Roth 401K

Your employer may allow you to make Roth 401K contributions as well as regular 401K contributions. If you do decide to make Roth 401K contributions, then they are made with after tax money not pre-tax. You can contribute to the Roth 401K and the 401K if you like in the same year but they will be in separate accounts.

The combined amount contributed to all designated Roth accounts and traditional, pre-tax accounts in any one year for any individual is limited. The limit is $16,500 for 2009 plus an additional $5,500 in catch-up contributions in 2009 if the employee is age 50 or older at the end of the year. These limits may be increased for 2010.

Why would you contribute to a Roth 401K? If a large percentage of your investments are in tax deferred accounts, you run the risk of having all of your retirement income being fully taxable. That means your social security income could also be taxed. That’s a painful chunk of retirement money going to taxes.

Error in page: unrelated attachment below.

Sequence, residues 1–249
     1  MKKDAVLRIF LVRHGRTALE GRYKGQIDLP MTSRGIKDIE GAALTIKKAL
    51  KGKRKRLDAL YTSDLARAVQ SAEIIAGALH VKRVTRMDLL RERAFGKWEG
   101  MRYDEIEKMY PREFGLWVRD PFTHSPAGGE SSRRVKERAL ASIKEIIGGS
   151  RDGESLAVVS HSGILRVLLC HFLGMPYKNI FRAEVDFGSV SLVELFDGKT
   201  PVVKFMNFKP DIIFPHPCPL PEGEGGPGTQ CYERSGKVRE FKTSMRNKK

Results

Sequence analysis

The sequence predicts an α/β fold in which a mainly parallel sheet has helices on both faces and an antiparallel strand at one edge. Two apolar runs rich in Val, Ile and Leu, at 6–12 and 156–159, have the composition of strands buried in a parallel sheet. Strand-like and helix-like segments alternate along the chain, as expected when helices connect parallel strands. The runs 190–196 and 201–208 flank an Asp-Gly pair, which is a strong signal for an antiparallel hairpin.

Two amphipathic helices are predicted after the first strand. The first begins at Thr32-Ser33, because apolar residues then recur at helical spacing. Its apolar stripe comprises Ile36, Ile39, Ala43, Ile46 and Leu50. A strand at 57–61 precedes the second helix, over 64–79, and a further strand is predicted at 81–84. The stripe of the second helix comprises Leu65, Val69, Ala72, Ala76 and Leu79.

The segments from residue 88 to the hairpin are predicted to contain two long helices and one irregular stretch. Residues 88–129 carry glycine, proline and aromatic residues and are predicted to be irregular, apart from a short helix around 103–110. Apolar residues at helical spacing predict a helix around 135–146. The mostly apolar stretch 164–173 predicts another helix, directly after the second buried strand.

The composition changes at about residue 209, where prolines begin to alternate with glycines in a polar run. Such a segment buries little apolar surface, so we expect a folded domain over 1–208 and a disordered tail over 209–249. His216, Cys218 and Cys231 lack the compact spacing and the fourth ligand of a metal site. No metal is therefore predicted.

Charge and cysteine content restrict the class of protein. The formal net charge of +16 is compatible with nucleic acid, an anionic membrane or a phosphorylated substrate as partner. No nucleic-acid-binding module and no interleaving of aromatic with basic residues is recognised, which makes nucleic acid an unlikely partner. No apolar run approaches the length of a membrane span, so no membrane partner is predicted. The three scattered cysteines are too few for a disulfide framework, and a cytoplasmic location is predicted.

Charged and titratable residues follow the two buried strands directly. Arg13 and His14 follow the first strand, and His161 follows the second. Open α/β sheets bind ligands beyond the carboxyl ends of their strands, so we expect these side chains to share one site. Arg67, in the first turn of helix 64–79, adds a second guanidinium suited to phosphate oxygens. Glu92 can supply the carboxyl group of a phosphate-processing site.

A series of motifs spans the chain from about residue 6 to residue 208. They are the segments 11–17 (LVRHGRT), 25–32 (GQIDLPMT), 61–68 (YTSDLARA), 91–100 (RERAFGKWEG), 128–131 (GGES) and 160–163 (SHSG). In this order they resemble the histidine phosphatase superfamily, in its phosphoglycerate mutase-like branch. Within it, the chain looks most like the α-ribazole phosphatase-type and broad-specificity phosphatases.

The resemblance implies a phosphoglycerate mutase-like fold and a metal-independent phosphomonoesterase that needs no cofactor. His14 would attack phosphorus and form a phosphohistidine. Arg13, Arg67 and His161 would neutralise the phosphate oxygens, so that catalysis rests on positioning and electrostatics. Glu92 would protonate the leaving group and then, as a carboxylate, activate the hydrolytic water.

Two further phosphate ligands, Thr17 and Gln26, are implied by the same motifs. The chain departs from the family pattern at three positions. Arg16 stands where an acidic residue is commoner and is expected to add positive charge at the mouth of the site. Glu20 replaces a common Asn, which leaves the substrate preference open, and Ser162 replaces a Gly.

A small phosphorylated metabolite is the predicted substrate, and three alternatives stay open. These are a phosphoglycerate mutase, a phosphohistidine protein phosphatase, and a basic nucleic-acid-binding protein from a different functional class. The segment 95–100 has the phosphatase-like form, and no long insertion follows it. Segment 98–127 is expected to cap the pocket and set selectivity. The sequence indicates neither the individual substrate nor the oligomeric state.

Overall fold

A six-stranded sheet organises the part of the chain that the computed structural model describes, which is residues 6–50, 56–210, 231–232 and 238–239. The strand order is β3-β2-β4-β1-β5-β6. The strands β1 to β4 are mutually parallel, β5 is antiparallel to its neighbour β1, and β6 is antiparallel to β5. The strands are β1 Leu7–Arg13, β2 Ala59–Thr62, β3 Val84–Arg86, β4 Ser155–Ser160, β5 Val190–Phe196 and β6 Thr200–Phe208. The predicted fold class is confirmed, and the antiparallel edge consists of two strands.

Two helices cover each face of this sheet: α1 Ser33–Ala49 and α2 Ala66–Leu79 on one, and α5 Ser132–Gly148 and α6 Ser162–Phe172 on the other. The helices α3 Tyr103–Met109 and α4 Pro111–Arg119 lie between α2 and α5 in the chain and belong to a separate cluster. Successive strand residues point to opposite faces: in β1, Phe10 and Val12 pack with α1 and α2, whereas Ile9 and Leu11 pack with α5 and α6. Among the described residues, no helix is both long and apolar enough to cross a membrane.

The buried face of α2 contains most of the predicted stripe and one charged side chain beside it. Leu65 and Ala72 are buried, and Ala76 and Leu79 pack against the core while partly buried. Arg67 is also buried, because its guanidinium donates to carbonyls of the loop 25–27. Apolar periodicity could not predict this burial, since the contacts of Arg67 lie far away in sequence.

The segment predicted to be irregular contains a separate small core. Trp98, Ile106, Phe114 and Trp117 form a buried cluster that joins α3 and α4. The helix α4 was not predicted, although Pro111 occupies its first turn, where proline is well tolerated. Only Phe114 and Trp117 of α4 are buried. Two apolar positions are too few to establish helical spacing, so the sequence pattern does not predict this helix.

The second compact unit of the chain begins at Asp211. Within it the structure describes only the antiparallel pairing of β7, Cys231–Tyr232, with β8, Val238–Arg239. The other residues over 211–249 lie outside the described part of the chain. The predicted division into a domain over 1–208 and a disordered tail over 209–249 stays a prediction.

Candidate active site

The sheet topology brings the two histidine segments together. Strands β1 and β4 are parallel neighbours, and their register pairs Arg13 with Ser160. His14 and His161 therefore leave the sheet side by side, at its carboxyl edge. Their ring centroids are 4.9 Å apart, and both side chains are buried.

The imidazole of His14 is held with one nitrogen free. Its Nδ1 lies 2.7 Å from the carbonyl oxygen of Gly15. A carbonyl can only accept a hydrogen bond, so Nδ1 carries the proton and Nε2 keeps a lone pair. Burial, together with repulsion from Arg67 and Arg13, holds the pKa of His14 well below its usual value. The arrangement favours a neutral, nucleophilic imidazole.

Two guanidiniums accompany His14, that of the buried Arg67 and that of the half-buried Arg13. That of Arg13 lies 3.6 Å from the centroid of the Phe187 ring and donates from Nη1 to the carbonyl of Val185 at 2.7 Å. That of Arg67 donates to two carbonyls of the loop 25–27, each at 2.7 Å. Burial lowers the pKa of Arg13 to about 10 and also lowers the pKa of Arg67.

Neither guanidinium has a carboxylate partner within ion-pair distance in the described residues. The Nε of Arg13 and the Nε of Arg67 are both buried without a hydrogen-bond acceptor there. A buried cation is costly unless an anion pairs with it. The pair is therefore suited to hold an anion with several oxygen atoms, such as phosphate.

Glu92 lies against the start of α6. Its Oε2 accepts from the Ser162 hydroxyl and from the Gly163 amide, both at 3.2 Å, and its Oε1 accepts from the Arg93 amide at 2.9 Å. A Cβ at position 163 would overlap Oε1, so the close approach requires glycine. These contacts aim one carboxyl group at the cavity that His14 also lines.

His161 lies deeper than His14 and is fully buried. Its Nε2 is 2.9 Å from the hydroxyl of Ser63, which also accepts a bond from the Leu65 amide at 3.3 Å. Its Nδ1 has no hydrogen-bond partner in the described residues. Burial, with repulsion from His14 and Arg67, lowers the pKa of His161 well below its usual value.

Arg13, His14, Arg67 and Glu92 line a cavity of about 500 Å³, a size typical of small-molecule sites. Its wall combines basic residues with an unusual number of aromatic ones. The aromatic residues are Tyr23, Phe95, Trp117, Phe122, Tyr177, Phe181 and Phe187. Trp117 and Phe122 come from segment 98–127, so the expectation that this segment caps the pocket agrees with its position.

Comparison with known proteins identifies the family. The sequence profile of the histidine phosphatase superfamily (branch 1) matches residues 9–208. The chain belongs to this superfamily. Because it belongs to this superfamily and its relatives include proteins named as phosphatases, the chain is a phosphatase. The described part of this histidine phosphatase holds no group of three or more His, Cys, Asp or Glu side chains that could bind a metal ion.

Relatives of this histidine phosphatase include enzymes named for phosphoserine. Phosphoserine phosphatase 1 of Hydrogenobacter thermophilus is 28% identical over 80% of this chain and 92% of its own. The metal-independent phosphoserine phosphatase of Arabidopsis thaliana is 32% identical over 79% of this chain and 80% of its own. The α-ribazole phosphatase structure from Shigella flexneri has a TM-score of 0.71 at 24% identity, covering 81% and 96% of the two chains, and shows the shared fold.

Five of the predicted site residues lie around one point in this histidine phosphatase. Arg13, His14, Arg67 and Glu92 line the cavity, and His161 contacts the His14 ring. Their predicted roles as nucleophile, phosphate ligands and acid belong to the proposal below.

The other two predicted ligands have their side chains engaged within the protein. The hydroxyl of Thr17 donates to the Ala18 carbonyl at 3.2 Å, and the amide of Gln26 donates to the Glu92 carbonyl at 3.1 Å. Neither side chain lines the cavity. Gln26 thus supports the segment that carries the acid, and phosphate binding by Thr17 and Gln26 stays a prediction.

With a Roth 401K, you have the ability to build up funds on an after tax basis (but still get the tax deferred growth) and then you can take the money out tax -free. Woo-Hoo!

Trudy Hayes at

I am trying to find out if you can convert an existing 401k retirement fund to an IRA for a 2 day period then withdraw the funds without any cost. You are then free to invest these dollars in any other kind of fund? Is there an age requirement?

Trudy Hayes

Fern LaRocca CFP® at

Yes, you can move funds from a 401K fund (after you have left the company) to an IRA and invest the IRA funds in something else.
It may cost you depending on the cost of the sell and the buy.
I don’t understand your “2 day period” ? If you withdraw the funds and not move them to an IRA and you are under age 59.5, you are looking at a lot of penalties– it is not worth it.